It’s easy enough to buy premade chocolates, chocolate syrup, or even chocolate icing from the store, but sometimes you want to be creative and melt your own chocolate for special recipes.
Most people will use baking chocolate in their cooking, which can be rather bitter on its own. The popular commercial solution is to add milk and sugar, so why not do that yourself.
Can you melt chocolate with milk? Yes, you can melt chocolate with milk. Although it is not the best way to melt chocolate, you can still make it work by
In this article, we’ll walk you step by step through the process of how to melt chocolate with milk, both on the stovetop and in the microwave.
There are some important chocolate melting tips sprinkled throughout the article as well, so it’s a good idea to read the entire post.
How to Melt Chocolate
There are many ways you can melt chocolate and the results will differ depending on the technique you use. If you’re hoping for specific results, there are specific tips that can help you out:
- Speed: Melt chocolate faster by starting with small chunks, pieces, or chips.
- Smoothness: Use additional liquid like milk, water, or even liqueur.
- Tempering: Patience and know-how are really all that is required to properly temper chocolate.
Best Way to Melt Chocolate
In all honesty, there is no “best” way to melt chocolate. Some bakers swear that a double boiler is the only way to get the perfect melted chocolate, whereas others believe that the microwave is not only faster but also melts better.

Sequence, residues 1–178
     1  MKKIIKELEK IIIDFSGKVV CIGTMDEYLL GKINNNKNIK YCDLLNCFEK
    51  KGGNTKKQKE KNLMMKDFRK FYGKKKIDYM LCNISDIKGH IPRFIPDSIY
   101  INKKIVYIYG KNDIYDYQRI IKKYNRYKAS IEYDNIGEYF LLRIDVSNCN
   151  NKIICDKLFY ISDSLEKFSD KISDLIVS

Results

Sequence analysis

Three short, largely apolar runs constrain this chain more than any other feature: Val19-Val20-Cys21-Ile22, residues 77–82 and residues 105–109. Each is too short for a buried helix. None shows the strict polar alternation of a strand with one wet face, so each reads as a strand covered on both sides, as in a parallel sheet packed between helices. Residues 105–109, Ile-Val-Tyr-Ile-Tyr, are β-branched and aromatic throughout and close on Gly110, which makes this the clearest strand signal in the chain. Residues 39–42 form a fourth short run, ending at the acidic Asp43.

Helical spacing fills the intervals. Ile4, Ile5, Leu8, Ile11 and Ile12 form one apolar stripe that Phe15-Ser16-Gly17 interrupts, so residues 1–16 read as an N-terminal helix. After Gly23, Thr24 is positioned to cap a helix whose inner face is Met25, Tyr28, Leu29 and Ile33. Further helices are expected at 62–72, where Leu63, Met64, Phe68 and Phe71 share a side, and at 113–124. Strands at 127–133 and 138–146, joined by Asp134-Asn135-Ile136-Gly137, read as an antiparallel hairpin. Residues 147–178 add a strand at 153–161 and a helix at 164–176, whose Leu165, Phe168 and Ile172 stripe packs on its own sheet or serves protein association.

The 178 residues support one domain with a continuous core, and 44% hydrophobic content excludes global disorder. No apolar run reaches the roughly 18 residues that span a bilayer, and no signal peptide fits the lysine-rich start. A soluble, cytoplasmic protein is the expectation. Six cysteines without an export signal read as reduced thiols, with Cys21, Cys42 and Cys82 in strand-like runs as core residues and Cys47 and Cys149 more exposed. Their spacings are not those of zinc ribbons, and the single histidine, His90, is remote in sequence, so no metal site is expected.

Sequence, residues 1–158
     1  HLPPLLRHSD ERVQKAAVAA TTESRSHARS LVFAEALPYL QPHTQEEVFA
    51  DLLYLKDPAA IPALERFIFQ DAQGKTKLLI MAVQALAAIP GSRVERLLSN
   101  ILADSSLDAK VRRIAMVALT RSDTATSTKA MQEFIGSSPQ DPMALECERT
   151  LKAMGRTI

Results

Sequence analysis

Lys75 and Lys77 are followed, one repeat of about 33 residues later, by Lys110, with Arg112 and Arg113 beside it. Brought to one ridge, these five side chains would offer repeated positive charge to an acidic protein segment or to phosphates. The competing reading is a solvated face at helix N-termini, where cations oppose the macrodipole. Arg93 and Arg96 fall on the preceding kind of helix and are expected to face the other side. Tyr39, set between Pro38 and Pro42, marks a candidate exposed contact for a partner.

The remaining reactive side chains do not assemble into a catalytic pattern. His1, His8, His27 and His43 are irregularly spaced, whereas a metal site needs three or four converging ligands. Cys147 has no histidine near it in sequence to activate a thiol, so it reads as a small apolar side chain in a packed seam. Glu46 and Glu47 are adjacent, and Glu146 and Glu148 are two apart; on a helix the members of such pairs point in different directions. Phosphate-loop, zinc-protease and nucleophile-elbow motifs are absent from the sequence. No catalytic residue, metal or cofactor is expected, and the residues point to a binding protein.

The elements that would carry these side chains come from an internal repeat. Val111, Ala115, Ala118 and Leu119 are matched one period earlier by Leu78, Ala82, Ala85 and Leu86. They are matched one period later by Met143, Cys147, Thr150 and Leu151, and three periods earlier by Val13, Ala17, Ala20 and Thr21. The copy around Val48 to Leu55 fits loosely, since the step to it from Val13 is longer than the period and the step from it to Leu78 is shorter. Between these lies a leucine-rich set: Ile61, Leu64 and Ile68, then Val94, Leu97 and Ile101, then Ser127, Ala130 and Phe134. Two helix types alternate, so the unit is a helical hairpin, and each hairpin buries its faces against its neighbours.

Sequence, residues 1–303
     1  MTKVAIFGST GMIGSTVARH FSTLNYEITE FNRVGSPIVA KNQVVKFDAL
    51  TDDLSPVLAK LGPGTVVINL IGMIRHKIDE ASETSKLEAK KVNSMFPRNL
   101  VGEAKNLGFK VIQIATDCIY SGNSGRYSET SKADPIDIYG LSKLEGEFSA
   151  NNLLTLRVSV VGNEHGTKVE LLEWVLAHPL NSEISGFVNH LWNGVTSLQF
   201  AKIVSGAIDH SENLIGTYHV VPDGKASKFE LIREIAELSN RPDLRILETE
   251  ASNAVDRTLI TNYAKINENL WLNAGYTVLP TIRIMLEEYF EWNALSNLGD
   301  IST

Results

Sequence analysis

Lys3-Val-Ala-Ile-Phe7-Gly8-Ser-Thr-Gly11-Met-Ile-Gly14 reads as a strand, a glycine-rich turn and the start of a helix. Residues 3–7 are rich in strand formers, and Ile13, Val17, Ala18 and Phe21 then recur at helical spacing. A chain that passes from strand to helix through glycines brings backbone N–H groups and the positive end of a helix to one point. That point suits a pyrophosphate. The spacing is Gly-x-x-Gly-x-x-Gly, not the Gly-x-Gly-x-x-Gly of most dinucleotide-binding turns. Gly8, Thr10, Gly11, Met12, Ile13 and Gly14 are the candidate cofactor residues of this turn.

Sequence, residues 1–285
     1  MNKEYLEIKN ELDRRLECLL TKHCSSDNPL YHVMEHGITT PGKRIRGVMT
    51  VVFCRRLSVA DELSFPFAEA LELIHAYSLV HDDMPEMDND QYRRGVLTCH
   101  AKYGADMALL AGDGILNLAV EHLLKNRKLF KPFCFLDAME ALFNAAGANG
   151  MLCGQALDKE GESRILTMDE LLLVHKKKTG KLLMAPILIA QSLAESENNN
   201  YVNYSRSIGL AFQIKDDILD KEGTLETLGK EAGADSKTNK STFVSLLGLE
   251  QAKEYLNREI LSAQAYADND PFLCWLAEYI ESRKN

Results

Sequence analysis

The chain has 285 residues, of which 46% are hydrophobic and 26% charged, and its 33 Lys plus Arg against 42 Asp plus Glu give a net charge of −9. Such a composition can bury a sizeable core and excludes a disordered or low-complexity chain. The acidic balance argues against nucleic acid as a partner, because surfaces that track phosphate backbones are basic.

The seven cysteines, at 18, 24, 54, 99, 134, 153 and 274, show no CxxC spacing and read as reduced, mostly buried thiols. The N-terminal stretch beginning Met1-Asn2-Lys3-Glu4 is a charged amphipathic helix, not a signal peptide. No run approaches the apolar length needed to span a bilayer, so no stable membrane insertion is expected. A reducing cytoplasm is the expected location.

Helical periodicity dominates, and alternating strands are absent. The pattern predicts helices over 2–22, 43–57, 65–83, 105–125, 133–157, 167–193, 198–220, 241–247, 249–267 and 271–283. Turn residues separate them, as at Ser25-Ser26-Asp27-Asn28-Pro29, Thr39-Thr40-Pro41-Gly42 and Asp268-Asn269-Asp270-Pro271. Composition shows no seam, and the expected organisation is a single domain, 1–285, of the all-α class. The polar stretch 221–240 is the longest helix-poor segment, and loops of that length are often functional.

The best way is the one that works for you and your recipe. Melting chocolate depends more on the quality of the ingredients than on the process.
We’ve dedicated an entire related article to help you choose the best chocolate for melting if you need a little extra guidance on that front.
The one exception to that statement is that chocolate will always melt better if it is in small chunks or pieces before you start melting it.
It is also easier to melt chocolate without liquids, though if you want to use milk to melt your chocolate, it is certainly possible with the right strategy.
How to Melt Chocolate with Milk
Melting chocolate with milk can often speed up the process of melting and make your chocolate richer and creamier, as well as lighter in flavor. It can come with a variety of difficulties, however, so it requires some skill to do right.
The first secret to melting chocolate with milk, or any other liquid, is to be sure you’re using enough chocolate!
If you only use a small amount of liquid, your chocolate will ‘seize‘. Seized chocolate solidifies almost instantly into a crumbly, brittle, dull, and frustrating mess. What a waste!